An accomplice managed to escape. The local magistrate (Reverend Edward) committed George to the local assizes where his case was heard before the end of the month. He was charged with the theft of the plank (property of Bernard Hall & Co, Liverpool).
The cargo had been in the charge of T. R. Avery of Boscastle, on behalf of the owners, and was being watched by Thomas Hobbs. It was Hobbs who identified George as the man who had stolen the deal plank.
A local blacksmith called Jenkin was called as a character witness, having known George for over 20 years. Clearly, his evidence that George was an “excellent character” and his provision of an alibi, resulted in the jury acquitting him of the charge.
The entire cargo from the ship was auctioned by Bernard Hall & Co. on 22nd March 1848 on Crantock Beach. The list of timber was: 14,800 Pine Deals, 2,908 pieces Standard Staves and 2,420 West Indian Puncheon Staves. These latter barrel staves were specifically imported for Liverpool.
The beached hulk of the ship had been sold to Messrs Tredwen of Padstow and, on Thursday, 3 February, under the supervision of Richard Tredwen she was refloated and taken to Padstow for repair. The Tredwen family managed an established ship building and repair business based in Padstow which employed around thirty people.
So, on 3 Feb, the ship that had been expected to become a total wreck had been saved!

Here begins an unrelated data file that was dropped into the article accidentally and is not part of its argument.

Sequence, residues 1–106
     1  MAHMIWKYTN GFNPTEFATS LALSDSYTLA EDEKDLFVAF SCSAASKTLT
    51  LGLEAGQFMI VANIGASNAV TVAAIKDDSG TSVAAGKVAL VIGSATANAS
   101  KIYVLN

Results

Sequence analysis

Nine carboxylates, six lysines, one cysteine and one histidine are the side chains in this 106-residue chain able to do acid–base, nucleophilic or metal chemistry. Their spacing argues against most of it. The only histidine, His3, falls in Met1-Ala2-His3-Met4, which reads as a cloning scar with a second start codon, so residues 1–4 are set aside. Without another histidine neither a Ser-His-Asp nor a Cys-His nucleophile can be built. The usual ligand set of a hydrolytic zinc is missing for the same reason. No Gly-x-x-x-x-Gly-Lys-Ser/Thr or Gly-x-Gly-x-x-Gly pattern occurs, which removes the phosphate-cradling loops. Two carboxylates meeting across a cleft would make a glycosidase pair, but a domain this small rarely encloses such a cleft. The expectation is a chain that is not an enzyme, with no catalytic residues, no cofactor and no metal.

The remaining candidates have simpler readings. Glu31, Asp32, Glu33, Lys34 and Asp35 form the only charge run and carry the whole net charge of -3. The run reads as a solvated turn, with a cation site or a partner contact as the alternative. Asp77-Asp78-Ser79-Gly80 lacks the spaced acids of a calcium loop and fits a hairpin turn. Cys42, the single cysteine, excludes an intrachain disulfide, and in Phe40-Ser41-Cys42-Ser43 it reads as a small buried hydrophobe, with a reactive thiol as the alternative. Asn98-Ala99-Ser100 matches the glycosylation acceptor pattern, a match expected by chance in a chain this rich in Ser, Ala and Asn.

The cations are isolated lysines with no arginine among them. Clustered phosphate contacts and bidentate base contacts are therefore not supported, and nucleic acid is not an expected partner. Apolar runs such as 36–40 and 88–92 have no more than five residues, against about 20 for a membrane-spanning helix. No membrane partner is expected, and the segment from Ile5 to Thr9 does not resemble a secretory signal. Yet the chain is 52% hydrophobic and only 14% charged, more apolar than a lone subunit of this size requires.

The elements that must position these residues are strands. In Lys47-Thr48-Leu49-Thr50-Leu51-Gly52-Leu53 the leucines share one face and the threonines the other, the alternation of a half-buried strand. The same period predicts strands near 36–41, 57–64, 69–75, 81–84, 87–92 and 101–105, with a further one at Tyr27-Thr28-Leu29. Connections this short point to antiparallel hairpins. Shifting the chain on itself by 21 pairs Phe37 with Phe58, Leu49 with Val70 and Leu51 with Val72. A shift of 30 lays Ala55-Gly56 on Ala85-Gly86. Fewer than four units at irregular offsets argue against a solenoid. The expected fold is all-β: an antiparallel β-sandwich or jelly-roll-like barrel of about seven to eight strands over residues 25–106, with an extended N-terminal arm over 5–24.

In July, a notice appeared in the Royal Cornwall Gazette advising that the “splendid Vessel”, having undergone extensive repairs and refitting was going to voyage from Padstow to Quebec.
Whilst offering general passage for people wishing to emigrate, specific mention was made for any Surgeon wishing to make passage to Quebec.
Whilst the Marchioness of Abercorn must have finally set sail from Padstow with Cornish emigrants at the beginning of August, her bad fortune continued because she was back in Falmouth by 25 August after losing her main-top-mast!
However, she set sail again on Sunday, 3 September with a party of emigrants bound for Quebec where she finally arrived on 5 October. A ship that had been “written off” just ten months earlier was back at sea. And she resumed her Quebec – UK route for the next year or so.
It appears that the ship returned to her trading between Canada and the UK. However, her days were numbered and the Marchioness of Abercorn, still owned by the Tredwen family in Padstow, finally ran out of luck at around ten o’clock on the night of 18 November, 1849.
In another storm, towards the end of a crossing from Quebec bound for Cardiff, she ran aground between Sheep and Mizen Heads in County Cork.
Under Edwin Key, a 35 year old Padstow man, and with a crew of thirty and carrying another cargo of timber she became a total wreck. Eight of the crew took to a long-boat and succeeded in reaching Rock Island light-house and the remainder scrambled off onto the rocks without any loss.
The hull, rigging, sails and cargo were auctioned over two days (11 and 12 December) at Crookhaven and at the scene of the wreck on Mizen Head.
The final chapter in the life of a very busy sailing ship closed 2 years after she was beached at Crantock.